News World Not much chop: Scientists say a tax on red meat will save lives and the planet

Not much chop: Scientists say a tax on red meat will save lives and the planet

red meat tax
The World Health Organization classified red meat as carcinogenic to humans. Photo: Getty
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Oxford University researchers have found that Australia would be among the countries hardest hit by a meat tax – with steaks and chops costing up to a third more, and the price of bacon almost doubling.

But we would also benefit most in terms of lives saved and reduced costs to the healthcare system.

The Australian analysis was part of a complex and wide-ranging study by population health scientists who calculated that a hefty meat tax would save 220,000 lives a year globally, and cut about $US41 billion ($56.66 billion)  from the world’s annual healthcare costs. The move would also lead to a drastic reduction in greenhouse gases.

The idea is to recognise meat as a carcinogenic – like tobacco and alcohol – and legislate a market-based response by imposing taxes that significantly increase prices to encourage reduced consumption.

The bacon paradox: Cured but carcinogenic

In 2015, the cancer agency of the World Health Organization, the International Agency for Research on Cancer, classified the consumption of red meat, which includes beef, lamb, and pork, as carcinogenic to humans if eaten in processed form, and as probably carcinogenic if eaten unprocessed.

In addition to being linked with cancer, the consumption of red and processed meat has also been associated with increased rates of coronary heart disease, stroke, type-2 diabetes and overall mortality

Published this month in the journal PLoS One, the study focused on calculating optimal levels of taxation for red and processed meat in 149 world regions – in other words, how much tax would need to be imposed – to offset the cost burden to healthcare systems, and to facilitate change in consumer behaviour.

meat tax
Australia would be among the countries hardest hit by a meat tax – but would benefit most in terms of lives saved and reduced costs to healthcare. Maps: Oxford University

The researchers found that in high-income countries, red meat would need to be at least 20 per cent more expensive, and processed meat such as bacon, sausages and jerky, would need to be more than double their current price to pay for the health costs associated with their consumption.

Nearly $400 billion in health costs

They estimated that in 2020 there would be 2.4 million deaths attributable to red and processed meat consumption, as well as $US285 billion ($393 billion) in costs related to healthcare.

The study was led by Dr Marco Springmann, of the Oxford Martin Programme, on the Future of Food and the Nuffield Department of Population Health, University of Oxford.

On the university website he said: “The consumption of red and processed meat exceeds recommended levels in most high- and middle-income countries.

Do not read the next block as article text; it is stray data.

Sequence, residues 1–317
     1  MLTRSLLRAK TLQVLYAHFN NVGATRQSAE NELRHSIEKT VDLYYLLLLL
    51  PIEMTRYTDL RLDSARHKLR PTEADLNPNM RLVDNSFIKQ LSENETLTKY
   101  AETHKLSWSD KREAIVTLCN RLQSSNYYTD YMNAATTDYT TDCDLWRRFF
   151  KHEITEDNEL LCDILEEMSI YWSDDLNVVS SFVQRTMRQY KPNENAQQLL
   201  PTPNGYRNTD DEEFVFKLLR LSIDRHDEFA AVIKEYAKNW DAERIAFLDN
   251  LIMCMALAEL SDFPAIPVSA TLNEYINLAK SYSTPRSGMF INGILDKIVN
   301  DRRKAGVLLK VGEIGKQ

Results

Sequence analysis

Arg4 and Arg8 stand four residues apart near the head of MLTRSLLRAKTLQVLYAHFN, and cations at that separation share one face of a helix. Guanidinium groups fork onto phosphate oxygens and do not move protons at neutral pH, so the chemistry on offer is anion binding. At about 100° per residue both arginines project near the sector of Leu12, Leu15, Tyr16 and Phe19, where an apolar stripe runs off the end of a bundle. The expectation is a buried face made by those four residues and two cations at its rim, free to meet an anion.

“This is having significant impacts not only on personal health, but also on healthcare systems, which are taxpayer-funded in many countries, and on the economy, which is losing its labour force due to ill health and care for family members who fall ill.”

Agriculture Minister David Littleproud didn’t mince his words when opposing the meat tax. Photo: AAP

The study suggests that if the health taxes were introduced, consumption of processed meat would decline by about two portions a week in high-income countries and by 16 per cent globally, while unprocessed red meat consumption would remain steady, due to consumers substituting it for processed meat.

Tax revenues would amount to $US172 billion ($238 billion) globally and cover 70 per cent of the health costs that red and processed meat consumption puts on society. To fully cover the costs, the health taxes would have to be doubled.

Hopes for government support rudely dashed

“I hope that governments will consider introducing a health levy on red and processed meat as part of a range of measures to make healthy and sustainable decision-making easier for consumers,” said Dr Springmann.

Reduced consumption of processed meat was also identified by the study as having positive knock-on effects on climate change and body weight. The researchers found it would reduce global greenhouse gas emissions by over 100 million tonnes, mainly due to lower beef consumption.

Dr Springmann’s hopes for a sober discussion of the issue by world governments were immediately dashed. In the UK Liz Truss, the chief secretary to the Treasury, declared on Twitter: “What a claptrap. Bacon is an important contributor to my wellbeing. Hands off.”

Australia’s Agriculture Minister David Littleproud has said that comparing red meat to cigarettes is “ridiculous”, and characterised the Oxford researchers as out of touch.

“These institutions aren’t living in the real world,” he said. “Red meat is essential to a healthy diet. Suggestions a red meat tax would result in less overweight people are garbage.”

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